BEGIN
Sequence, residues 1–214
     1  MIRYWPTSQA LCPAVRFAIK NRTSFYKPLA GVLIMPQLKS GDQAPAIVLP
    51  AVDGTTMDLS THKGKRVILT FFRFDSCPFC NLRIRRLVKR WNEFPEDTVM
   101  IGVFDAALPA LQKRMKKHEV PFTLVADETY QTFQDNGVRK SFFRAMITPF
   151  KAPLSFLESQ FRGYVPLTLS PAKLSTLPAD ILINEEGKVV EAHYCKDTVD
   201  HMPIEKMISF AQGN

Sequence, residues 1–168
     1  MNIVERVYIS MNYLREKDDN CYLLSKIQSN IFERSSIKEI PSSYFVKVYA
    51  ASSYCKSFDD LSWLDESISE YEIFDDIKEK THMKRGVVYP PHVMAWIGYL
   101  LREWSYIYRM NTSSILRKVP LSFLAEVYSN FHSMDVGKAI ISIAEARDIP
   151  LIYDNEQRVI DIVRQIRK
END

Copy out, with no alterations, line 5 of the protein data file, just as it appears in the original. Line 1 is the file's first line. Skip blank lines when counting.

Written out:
   151  KAPLSFLESQ FRGYVPLTLS PAKLSTLPAD ILINEEGKVV EAHYCKDTVD